Think tank to explore economic importance of millennials
For many Jamaicans, it is hard to understand 'the young people nowadays'.
Generation gaps are nothing new, however. As technology evolves, the gaps between older persons and younger generations ( Y and Z) seem even wider than ever before and continue to widen.
One marketing firm, however, is making an effort to gain a better understanding and bridge that gap.
Citing a lack of culturally relevant statistics, The LAB, a fully integrated marketing agency, has commissioned a wide-reaching study on the behaviour values and motivations of Jamaican millennials through sister company Bluedot Data Intelligence.
Key insights from the study will be shared with some 200 decision makers at the inaugural LAB Think Tank to be held on October 24 at the Spanish Court Hotel.
"With more than 50 per cent of Jamaicans being age thirty and below, neglecting our younger audiences puts the future of your business at serious risk," CEO and founder of The LAB Kimala Bennett said, explaining the reason for the event.
As a millennial-run agency in its 10th year of operation, The LAB has built a strong reputation for guiding corporate brands towards younger audiences. Recent campaigns such as NCB Keycard, Digicel Set fi di Summah, and Grace Flairy Mackerel, featuring Ding Dong and the Ravers, have received significant uptake with that demographic.
"Connecting with generations Y and Z requires openness," said Bennett.
"Jamaica has evolved exponentially through technology, and millennials fuel this change."
She explained that the idea that teen audiences are either an enigma or not spending is the core of what will be explored by the think tank.
The advertising executive said that benchmark brands such as Sony, Dell, and Proctor and Gamble have invested heavily in growing with their audiences. To help find a solution, The LAB Think Tank will feature millennial research expert Tina Wells, who has worked with Sony, Dell and Proctor and Gamble.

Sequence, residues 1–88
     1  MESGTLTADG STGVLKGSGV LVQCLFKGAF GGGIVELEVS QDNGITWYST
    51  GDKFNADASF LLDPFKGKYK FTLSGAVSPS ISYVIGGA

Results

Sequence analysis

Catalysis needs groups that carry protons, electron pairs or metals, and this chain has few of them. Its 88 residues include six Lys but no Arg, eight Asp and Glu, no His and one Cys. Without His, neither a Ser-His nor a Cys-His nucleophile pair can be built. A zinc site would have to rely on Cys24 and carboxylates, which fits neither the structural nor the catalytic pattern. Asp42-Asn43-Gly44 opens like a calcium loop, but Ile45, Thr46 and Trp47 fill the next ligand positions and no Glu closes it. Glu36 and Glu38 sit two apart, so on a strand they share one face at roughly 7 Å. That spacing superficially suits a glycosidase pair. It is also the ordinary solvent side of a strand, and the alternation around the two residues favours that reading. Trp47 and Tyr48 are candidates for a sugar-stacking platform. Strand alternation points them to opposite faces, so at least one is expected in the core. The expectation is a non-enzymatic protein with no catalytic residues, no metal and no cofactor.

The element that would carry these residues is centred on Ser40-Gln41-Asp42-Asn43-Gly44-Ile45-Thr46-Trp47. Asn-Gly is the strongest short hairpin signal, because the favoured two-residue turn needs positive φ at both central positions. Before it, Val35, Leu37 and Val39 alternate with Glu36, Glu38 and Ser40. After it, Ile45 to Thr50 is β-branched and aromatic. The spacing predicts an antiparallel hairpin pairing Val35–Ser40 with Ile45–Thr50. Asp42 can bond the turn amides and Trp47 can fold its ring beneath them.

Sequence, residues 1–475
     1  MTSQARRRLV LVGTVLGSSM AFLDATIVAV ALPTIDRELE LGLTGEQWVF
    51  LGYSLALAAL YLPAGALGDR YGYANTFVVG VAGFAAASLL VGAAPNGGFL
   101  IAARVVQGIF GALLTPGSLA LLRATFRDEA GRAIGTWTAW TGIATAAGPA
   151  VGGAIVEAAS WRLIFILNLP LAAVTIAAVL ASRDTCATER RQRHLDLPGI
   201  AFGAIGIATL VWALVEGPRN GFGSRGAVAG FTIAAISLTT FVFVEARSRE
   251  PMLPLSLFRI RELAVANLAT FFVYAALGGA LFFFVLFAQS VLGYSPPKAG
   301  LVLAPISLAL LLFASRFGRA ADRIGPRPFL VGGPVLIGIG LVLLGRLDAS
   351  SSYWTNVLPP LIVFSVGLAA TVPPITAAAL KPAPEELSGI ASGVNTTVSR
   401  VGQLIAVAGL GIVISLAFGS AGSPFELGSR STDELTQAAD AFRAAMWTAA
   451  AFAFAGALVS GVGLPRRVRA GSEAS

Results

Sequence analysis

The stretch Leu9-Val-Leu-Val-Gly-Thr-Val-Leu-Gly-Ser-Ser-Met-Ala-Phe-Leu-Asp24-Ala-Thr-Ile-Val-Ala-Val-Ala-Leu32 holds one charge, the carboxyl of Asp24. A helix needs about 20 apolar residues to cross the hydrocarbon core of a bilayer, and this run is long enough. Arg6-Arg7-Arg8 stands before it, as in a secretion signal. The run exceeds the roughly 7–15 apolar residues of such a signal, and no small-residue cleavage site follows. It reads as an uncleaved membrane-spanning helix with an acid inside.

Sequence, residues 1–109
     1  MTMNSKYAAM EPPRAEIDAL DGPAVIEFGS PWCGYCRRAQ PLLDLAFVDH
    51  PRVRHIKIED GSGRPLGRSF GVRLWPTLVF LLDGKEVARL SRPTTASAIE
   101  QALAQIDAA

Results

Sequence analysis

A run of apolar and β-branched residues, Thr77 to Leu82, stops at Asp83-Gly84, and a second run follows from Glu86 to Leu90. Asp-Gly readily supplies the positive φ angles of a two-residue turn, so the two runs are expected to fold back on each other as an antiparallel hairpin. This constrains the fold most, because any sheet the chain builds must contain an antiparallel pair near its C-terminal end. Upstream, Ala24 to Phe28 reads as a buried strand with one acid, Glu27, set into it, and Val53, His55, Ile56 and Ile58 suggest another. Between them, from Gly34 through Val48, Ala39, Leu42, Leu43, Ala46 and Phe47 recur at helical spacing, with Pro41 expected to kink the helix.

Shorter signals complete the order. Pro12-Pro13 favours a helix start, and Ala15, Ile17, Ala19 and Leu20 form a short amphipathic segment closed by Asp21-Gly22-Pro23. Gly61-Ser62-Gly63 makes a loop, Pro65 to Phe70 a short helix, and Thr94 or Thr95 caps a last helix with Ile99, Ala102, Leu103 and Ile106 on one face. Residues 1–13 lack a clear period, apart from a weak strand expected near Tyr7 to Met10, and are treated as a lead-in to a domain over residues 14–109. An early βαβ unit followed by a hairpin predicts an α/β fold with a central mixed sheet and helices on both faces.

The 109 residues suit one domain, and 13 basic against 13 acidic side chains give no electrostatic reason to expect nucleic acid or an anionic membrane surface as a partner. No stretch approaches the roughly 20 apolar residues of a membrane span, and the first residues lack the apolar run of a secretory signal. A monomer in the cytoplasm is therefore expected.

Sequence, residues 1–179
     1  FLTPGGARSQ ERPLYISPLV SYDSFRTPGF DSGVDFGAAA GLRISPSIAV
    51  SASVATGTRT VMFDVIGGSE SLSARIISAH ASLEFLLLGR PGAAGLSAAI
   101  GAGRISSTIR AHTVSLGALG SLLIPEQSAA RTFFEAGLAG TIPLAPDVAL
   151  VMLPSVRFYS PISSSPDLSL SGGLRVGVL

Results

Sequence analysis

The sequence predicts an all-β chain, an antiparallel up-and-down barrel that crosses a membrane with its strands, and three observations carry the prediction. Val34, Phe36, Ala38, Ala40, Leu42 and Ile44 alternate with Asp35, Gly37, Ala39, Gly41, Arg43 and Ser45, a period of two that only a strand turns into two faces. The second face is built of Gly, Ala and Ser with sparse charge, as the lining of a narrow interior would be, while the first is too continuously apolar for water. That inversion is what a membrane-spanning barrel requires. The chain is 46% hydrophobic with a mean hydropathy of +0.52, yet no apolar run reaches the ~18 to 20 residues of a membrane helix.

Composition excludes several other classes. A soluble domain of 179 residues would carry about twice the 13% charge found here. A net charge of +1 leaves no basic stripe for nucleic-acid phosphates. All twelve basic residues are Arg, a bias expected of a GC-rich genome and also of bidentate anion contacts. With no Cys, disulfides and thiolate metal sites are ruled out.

"Her unique expertise, supported by the experiences and cases studies from Jamaican marketers, will frame a much-needed discussion on how to move forward."
Randy Rowe, chief strategist at The LAB, cites Nike as an example of millennial conversion through advertising.
"Nike has invested heavily in understanding millennial motivations and using the understanding of these trends to guide their marketing and product offers. Some weeks ago, this was proven when Nike stocks rose to record highs due greatly to the public reaction to their recently launched Colin Kaepernick campaign."
Rowe said that having millennial input and a strong, well-suited strategy to drive the discussion is integral to future business success.
The think tank will feature panels of leading business executives complemented by social-media influencers, entertainers and trendsetters such as Ding Dong, Naomi Cowan, and Kamal Bankay to ensure frank and dynamic dialogue, along with a multi-faceted set of speakers.
"Understanding this market is integral to understanding the future," Rowe continued. "Influencers are deadly serious business when you understand their power. Kendall Jenner hammered a nail in Snapchat's coffin with a tweet. The standard of our consumers, especially the younger consumers has shifted upwards. Jamaican companies will need to rapidly adapt to maintain their relevance. If we don't connect with them, you best believe that other brands will," he said.
The LAB Think Tank will take place on Wednesday, October 24, at the Spanish Court Hotel, Valencia. Persons may register online at www.TheLabThinkTank.com.